‘Crime of the Century’ Examined at Robert Morris Art Gallery
MOON TWP. − On February 1, 1896, Pearl Bryan, 7 months pregnant, was murdered and beheaded by her lover in northern Kentucky with the help of her roommate. Called “the crime of the century”, the murder captured the nation’s imagination, with daily coverage of the trial, including by The New York Times, and spawning more than 25 popular folk songs.
A new Robert Morris University exhibit investigates this murder, combining photographs of the original sites, crime-related artifacts, excerpts and woodcuts from books and newspaper accounts, and information gleaned from court transcripts original.
Stephen Chalmers, artist of the exhibition titled “Pearl Bryan”, presents more than 80 pieces on display to the public weekdays from 10 a.m. to 6 p.m. until November 7 at the Media Arts Gallery at the Wheatley Center on the Robert Morris campus in Commune from the moon.
An artist talk and closing reception will take place from 4:30 p.m. to 8 p.m. on November 7, with the opportunity for the artist to meet the public and discuss the work.
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Chalmers has worked as an emergency medical technician, senior treatment counselor for severely emotionally disturbed children, and has taught photography to gang children, informing his projects that address issues of loss. His work has been the subject of group and solo exhibitions throughout the United States as well as in Australia, Ireland, British Columbia, Thailand, England, South Africa, Spain, the Netherlands. Low and China. He has been a guest artist at numerous colleges and universities and regularly teaches workshops on alternative photographic processes and digital imaging.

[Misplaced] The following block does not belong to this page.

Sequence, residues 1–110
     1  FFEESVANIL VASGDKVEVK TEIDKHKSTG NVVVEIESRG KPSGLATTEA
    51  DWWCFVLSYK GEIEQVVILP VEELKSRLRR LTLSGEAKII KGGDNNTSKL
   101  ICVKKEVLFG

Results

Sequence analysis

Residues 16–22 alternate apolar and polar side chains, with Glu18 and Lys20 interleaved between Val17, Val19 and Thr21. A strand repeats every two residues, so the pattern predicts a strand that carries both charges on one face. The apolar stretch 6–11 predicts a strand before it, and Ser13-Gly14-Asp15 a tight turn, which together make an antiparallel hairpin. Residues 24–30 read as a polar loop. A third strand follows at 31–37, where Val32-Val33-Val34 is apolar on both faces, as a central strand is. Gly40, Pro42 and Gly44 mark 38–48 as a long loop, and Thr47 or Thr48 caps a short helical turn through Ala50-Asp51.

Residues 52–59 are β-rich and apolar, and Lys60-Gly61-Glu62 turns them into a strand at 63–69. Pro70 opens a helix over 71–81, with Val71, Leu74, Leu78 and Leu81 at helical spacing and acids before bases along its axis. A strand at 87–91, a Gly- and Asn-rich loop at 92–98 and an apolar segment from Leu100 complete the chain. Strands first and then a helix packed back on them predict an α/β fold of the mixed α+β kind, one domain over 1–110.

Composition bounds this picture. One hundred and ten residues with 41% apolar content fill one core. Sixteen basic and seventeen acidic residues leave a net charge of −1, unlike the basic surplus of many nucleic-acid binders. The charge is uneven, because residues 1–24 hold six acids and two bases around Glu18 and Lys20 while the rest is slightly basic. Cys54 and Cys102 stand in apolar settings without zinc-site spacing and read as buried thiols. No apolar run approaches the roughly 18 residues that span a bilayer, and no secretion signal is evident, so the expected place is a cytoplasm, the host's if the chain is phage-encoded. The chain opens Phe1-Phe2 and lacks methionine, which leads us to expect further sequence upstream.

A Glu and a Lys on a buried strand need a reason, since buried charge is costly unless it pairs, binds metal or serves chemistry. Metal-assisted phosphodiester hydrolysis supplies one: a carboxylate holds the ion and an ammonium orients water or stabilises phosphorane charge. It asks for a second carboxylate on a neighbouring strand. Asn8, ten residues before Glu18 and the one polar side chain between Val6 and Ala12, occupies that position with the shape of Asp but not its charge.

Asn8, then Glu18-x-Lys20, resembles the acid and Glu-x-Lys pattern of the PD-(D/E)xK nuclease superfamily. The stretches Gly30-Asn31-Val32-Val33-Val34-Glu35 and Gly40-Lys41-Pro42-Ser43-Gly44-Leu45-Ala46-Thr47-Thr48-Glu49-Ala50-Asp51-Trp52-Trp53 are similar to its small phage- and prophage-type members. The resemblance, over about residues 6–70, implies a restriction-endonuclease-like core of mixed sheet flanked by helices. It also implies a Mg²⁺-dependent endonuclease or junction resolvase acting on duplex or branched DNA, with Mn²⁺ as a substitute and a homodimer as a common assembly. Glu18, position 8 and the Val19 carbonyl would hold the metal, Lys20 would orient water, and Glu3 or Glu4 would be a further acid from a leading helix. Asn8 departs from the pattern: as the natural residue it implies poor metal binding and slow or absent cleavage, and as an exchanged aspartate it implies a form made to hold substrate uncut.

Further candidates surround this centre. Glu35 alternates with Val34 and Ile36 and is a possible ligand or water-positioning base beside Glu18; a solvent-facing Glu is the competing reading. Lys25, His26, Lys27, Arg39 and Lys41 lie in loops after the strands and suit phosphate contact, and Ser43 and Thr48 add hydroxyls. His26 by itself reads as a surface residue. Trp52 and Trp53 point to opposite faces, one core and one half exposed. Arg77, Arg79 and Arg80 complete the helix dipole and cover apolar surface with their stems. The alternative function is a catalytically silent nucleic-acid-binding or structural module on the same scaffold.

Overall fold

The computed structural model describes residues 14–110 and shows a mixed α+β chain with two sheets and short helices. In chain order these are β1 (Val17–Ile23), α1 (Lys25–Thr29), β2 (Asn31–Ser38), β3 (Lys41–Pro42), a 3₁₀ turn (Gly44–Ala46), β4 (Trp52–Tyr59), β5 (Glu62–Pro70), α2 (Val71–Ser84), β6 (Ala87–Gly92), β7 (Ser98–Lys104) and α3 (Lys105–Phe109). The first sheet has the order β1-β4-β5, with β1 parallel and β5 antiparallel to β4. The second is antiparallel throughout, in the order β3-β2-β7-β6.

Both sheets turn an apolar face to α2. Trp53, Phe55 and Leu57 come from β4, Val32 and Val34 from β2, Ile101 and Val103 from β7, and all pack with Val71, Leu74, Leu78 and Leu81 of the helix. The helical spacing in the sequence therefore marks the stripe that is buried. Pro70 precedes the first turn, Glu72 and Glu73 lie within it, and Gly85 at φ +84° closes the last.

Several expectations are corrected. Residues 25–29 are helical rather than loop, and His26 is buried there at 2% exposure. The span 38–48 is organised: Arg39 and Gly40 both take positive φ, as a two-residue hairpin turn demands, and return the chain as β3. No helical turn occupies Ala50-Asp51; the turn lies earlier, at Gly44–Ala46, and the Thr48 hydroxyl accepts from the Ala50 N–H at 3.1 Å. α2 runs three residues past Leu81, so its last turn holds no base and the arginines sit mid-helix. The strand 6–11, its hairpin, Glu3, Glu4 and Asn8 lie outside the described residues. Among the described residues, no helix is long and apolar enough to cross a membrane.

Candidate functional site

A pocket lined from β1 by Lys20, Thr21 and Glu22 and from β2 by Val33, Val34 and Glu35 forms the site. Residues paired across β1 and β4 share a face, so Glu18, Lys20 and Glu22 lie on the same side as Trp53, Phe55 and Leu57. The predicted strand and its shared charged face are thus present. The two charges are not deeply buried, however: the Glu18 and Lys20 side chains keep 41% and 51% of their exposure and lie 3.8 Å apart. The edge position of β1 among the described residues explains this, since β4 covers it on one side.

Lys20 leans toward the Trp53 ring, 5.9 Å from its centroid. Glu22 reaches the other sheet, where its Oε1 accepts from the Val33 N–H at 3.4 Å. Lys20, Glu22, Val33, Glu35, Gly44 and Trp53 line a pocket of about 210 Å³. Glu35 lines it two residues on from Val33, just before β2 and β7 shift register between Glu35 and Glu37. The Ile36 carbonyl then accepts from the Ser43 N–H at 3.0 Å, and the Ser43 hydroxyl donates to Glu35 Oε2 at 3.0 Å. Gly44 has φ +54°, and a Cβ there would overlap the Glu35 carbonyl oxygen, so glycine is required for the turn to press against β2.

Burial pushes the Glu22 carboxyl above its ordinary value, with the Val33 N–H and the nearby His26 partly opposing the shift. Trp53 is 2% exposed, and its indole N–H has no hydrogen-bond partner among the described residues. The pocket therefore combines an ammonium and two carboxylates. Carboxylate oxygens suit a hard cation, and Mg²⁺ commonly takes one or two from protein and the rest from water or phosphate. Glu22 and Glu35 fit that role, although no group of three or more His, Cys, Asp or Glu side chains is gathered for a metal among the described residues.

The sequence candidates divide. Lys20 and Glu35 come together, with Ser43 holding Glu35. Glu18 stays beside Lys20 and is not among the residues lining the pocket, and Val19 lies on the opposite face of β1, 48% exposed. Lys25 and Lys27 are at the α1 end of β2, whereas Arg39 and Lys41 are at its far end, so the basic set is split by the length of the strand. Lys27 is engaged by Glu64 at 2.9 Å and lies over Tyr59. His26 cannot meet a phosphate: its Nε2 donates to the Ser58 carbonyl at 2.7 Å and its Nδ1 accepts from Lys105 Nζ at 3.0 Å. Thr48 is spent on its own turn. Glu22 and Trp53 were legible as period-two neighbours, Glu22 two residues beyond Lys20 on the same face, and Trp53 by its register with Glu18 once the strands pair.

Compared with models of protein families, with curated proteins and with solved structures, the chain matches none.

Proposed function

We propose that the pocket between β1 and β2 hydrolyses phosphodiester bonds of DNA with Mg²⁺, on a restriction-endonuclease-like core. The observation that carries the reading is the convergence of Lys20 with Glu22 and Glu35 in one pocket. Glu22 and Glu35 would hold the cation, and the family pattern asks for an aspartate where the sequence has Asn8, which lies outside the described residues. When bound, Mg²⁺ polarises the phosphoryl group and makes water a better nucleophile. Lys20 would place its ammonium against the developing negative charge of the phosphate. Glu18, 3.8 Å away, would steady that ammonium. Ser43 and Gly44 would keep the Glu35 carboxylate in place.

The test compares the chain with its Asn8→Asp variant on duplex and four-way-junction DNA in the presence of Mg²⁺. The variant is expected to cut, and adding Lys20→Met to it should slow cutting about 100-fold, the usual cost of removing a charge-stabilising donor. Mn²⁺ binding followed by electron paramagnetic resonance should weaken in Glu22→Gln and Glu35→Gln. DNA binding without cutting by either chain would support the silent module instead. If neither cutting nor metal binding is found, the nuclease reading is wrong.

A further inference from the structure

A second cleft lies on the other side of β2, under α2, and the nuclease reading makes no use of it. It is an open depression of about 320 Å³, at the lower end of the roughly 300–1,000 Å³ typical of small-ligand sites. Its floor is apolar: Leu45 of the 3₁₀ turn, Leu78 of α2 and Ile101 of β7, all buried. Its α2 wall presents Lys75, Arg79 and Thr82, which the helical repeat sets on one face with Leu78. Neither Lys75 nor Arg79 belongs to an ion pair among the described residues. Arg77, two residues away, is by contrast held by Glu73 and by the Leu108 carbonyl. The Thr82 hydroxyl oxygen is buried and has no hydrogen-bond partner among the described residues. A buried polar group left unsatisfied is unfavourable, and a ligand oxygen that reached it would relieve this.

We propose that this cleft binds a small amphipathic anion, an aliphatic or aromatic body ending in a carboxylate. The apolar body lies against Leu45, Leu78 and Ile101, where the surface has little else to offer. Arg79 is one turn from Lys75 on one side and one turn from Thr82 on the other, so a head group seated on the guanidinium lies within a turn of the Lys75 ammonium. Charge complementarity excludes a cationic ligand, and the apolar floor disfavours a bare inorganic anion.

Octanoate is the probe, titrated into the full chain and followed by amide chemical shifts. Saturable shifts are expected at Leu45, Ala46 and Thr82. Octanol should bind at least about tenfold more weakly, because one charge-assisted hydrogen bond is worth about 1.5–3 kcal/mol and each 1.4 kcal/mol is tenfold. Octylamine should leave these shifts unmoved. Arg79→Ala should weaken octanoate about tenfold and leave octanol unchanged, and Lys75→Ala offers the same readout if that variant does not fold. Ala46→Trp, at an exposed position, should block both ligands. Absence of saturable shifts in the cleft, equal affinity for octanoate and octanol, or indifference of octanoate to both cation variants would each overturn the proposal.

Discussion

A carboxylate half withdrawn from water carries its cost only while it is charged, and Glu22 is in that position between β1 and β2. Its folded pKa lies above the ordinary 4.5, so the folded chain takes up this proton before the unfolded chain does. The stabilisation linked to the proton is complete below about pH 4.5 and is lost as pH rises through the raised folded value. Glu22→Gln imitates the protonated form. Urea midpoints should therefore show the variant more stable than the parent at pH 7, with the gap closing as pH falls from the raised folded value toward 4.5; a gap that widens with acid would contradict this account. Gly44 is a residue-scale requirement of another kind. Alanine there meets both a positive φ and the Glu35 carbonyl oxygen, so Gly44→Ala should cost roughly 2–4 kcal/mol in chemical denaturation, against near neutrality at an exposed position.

Boardman, Ohio, resident, Chalmers received his master’s degree in film and photography from Southern Illinois University and served on the National Board of Directors for the Society for Photographic Education from 2017-2020. He has taught photography and digital media in from the universities of Washington and Ohio. His work appears in several collections including the Museum of Contemporary Photography, Light Work, Polaroid and the Getty Research Institute.
Selections of his projects are available at askew-view.com.